[Ip-health] March-in rights aren't a drug price control tool, a final Department of Commerce Report is expected to declare this week. Many patient advocacy groups aren't happy.

James Love james.love at keionline.org
Fri Apr 19 09:19:44 PDT 2019


Nice story by Politico on NIST, although it would have been nice to mention
that KEI has filed comments on the Green Paper (
https://www.keionline.org/29555), and at least mentioned us as a signature
of the NGO letter they quote.  Or the earlier UACT letter which was hand
delivered on the hill.

https://cancerunion.org/2019/02/26/uact-letter-to-congress-regarding-nist-recommendations-to-limit-bayh-dole-act-safeguards/

Jamie

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https://www.politico.com/newsletters/prescription-pulse/2019/04/19/commerce-department-expected-to-slash-march-in-rights-for-drugs-426742


04/19/2019 12:00 PM EDT
By SARAH KARLIN-SMITH (skarlin at politico.com; @SarahKarlin) , SARAH
OWERMOHLE (sowermohle at politico.com; @owermohle)

— March-in rights aren't a drug price control tool, a final Department of
Commerce Report is expected to declare this week. Many patient advocacy
groups aren't happy.

. . .

DRUG PRICING

COMMERCE REPORT: MARCH-IN RIGHTS SHOULDN'T BE USED AS DRUG PRICE CONTROL
TOOL — Advocates of lower drug costs are concerned that the Department of
Commerce's National Institute of Standards and Technology will finalize a
little-noticed green paper that recommends against the government
exercising its "march-in" rights to help lower the cost of medicines. NIST
said the final paper should be released next week. It will be reviewed by
an interagency panel, and regulatory changes could follow. Many Democrats
in Congress have raised the possibility of using march-in rights or similar
authority to revoke patent rights or marketing exclusivity on certain
drugs. They've tried to use the idea as a stick to encourage companies to
cooperate on drug price negotiations.

The background: The 1980 Bayh-Dole Act laid out a pathway to freely
transfer inventions and patent rights resulting from federally funded
research to non-government organizations, so they could be commercialized.
But the law outlined limited circumstances where the government could
"march in" and let other parties produce the patented invention, including
when health and safety needs were not being satisfied in a reasonable way.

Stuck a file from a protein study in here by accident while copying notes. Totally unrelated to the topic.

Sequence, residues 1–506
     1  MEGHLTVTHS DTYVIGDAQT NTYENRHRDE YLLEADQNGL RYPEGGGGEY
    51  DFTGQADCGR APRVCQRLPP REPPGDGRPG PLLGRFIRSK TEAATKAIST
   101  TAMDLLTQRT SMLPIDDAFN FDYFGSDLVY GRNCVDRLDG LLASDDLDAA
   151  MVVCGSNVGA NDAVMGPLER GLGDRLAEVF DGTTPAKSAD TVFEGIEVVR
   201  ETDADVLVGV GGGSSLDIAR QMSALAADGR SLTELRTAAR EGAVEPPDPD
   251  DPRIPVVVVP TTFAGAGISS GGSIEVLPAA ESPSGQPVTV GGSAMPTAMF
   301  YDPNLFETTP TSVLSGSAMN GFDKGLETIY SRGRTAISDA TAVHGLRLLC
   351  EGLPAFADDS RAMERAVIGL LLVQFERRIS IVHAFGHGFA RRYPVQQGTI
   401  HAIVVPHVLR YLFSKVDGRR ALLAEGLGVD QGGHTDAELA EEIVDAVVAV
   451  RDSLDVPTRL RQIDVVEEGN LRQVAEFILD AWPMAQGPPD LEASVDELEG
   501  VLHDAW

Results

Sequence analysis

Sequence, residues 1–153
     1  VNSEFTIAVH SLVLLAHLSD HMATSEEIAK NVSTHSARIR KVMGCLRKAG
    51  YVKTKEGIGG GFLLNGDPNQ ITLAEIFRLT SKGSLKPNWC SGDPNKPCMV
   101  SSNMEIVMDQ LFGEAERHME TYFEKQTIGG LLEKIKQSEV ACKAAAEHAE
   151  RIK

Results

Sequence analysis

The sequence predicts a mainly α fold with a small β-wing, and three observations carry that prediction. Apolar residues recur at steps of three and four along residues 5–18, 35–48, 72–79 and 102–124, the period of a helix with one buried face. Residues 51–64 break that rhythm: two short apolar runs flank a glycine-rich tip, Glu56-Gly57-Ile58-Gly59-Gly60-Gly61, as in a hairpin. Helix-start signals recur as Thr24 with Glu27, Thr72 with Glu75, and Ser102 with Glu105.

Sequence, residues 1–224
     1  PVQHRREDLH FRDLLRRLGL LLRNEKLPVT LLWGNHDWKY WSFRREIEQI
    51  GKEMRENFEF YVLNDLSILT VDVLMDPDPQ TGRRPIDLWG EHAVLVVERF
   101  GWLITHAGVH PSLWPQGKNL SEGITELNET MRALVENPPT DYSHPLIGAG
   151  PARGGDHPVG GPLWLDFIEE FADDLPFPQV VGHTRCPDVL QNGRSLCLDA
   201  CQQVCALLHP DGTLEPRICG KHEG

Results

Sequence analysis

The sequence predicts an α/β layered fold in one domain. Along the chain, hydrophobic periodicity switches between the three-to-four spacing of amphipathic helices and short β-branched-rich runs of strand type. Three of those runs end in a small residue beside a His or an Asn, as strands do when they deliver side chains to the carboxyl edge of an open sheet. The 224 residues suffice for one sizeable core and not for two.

Groups like Doctors Without Borders and Knowledge Ecology International
have petitioned NIH to claim that the the high cost of a medication can
satisfy the definition of an unmet need. So far, NIH has never agreed with
this argument.

Now, NIST is recommending changes to Bayh-Dole Act regulations to ensure
march-in rights are never used to control the price of a good, specifically
pharmaceuticals.

Advocates push back: Doctors Without Borders has strongly objected to the
idea. "Agencies relying on public funds to develop life-saving medicines
should not seek to curtail the public's right to appropriate, affordable
access to products developed with public support by this proposed
unilateral regulatory action," the group wrote in comments on the green
paper. The change it proposes "goes against the stated goals of the
administration to lower drug prices and calls by more than 50 members of
Congress to use march-in rights to address 'soaring' pharmaceutical
prices." The group notes that a March 2018 study found NIH funding
contributed to each of the 210 new drugs approved by FDA from 2010 through
2016.

Eleven groups including Doctors Without Borders, Public Citizen, Social
Security Works and the Yale Global Health Justice Partnership wrote
Congress earlier this month urging lawmakers to oppose the change. They
also raised concerns that another suggestion in the report could harm
access to affordable medicines. This change would narrow the government's
royalty-free rights to inventions whose development it funded, to exclude
situations where the government isn't directly using or consuming the
patented good. This would prevent the government from using royalty-free
rights to provide affordable drugs in Medicare or other government programs.

"At a time when drug prices have become increasingly unaffordable for
American patients, the administration's proposals in the NIST paper outline
provisions designed to protect pharmaceutical companies that sell expensive
treatments, and exempt them from obligations to ensure that treatments are
affordable and accessible," the letter says.


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